The first time I read a Lisa See novel was also the last time I’d read a Lisa See novel.
In 2017, I devoured her book The Tea Girl of Hummingbird Lane, and recommended it to everyone I knew. She’s been writing for a long time, so it is no great surprise that Lisa See is an incredible storyteller. But all the same, there’s just something so addictive about her work: historical fiction novels, often focused on female friendships, featuring women who are resilient and strong and undeniably courageous. It’s basically my perfect mix for a literary escape!
After finishing Hummingbird, every six months or so, I’d check in on Amazon to see if her next book had been published.
Late last month, I hit the jackpot! Published in March, her latest book The Island of Sea Women tells the story of two dear friends living on Jeju Island in mid-century Korea.
Have you heard of Jeju before? If not, don’t worry. Up until last year, just a few months before I left for Korea, I hadn’t really either.
Jeju is the largest of Korea’s 3300+ islands, located off the country’s southwest coast. Beyond the first time I heard its name (when I was served tea from the famed Osulloc brand, which hails from there), I later saw it called out on a myriad of beauty products, since the island is the result of a now-dormant volcano. (Nothing is so exportable and salable as mineral-rich, geothermal seawater!) I also began recognizing its name any time I searched for Geoje, Korea’s second largest island, and the place where I was born. 9 times out of 10, if you’re looking for information on Geoje, Jeju gets mentioned alongside it—it’s often called the Hawaii of Korea.
So I knew a little bit about Jeju’s agriculture, and its reputation as a coveted vacation spot, but before diving in (ba dum bum) to The Island of Sea Women, I knew very little of the haenyeo, Jeju’s famed female free divers, who feature prominently in the book. In a nutshell, these women are completely badass. Beyond performing the incredibly dangerous work of free diving in the ocean to hunt for shellfish, haenyeo were historically the backbone of Jeju’s matrifocal society—they earned all the money to provide for their families, while men would stay at home to watch children. Oh, and before the invention of wet suits, these women would dive and hunt in little more than thin cotton rompers. IN WINTER.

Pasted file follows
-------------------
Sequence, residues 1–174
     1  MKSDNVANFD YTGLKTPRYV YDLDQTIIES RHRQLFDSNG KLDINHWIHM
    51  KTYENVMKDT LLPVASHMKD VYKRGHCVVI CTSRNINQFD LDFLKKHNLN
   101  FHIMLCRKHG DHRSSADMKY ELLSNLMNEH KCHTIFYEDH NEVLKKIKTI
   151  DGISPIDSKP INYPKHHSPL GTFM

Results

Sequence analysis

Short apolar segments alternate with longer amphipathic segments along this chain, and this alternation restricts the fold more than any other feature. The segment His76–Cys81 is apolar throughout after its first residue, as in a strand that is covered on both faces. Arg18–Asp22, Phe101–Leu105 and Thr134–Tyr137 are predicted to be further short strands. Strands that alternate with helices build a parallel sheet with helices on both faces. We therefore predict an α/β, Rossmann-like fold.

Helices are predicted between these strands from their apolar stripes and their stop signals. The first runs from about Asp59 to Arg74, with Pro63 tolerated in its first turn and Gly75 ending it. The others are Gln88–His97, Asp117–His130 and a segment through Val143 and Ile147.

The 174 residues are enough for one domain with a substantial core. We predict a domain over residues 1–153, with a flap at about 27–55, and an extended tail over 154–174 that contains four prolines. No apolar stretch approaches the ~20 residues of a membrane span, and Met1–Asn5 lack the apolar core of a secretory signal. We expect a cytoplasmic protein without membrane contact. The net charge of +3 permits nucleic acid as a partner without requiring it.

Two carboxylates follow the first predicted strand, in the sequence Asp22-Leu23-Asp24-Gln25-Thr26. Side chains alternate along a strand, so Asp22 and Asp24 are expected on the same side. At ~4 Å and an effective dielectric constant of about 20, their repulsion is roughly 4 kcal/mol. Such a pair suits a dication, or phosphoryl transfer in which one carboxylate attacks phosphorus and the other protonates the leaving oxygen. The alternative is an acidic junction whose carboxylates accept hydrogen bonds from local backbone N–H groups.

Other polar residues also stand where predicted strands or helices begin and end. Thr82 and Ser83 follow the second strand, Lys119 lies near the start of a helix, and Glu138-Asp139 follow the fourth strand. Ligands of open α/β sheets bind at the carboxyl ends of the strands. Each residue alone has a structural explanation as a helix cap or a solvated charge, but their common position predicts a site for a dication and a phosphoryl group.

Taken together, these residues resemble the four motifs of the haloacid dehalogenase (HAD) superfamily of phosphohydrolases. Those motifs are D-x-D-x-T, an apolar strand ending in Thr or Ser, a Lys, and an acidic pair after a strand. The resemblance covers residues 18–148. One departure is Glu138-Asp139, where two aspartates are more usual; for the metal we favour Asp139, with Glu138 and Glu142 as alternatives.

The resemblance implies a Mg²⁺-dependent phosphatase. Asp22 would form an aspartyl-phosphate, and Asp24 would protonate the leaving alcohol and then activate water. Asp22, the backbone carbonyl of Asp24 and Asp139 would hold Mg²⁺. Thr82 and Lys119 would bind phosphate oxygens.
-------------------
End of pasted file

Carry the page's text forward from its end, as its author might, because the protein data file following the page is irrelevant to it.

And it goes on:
For some context on the dangers in this type of work: there’s a gal in my book club whose husband took up abalone free diving a few years ago. She panics and worries all day when he heads out on one of these weekend excursions. Free diving for shellfish like this isn’t only about holding your breath for long periods of time, sans oxygen tank or snorkel gear—it’s also about judging changing currents and tides in the water, knowing your limits, and avoiding getting stuck on the rocks where abalone grow. Basically, it’s super dangerous! Free diving for these suckers requires a lot of skill (and fearlessness).
But the book is not just about two such haenyeo. At its core, it’s an epic about friendships—those “deep heart” vows we take with the people who knew us (and our spirits) way back when. I began reading this book shortly before a quick trip to Austin, where I grew up. With the book fresh on my mind, it’s no coincidence I found myself reminiscing with my mom about the girlhood friends I’d lost touch with, and the small bits of information I had gleaned about their lives from years of secretly observing them on social media. (You do this too, right?) In some cases, I haven’t spoken to those childhood friends in decades, yet still remember all our girlhood antics fondly.
Sea Women dives into the heart of these types of friendships, and how they are tested over the years—albeit in the case of the main characters Mi-ja and Young-sook, their relationship must endure Japanese occupation, political unrest, American occupation, war, and the traumatic recovery period that always follows. The book beautifully explores the many facets of female friendship, and our familial relationships too—how over time, our own journeys and experiences carve us into the people we become, and how the past, however sacred, is not always enough to carry us through together (or is it?).
Long story short: I recommend it wholeheartedly! The only sad part about finishing this book is now I have to wait at least two more years until the next Lisa See novel pops up in my Amazon search.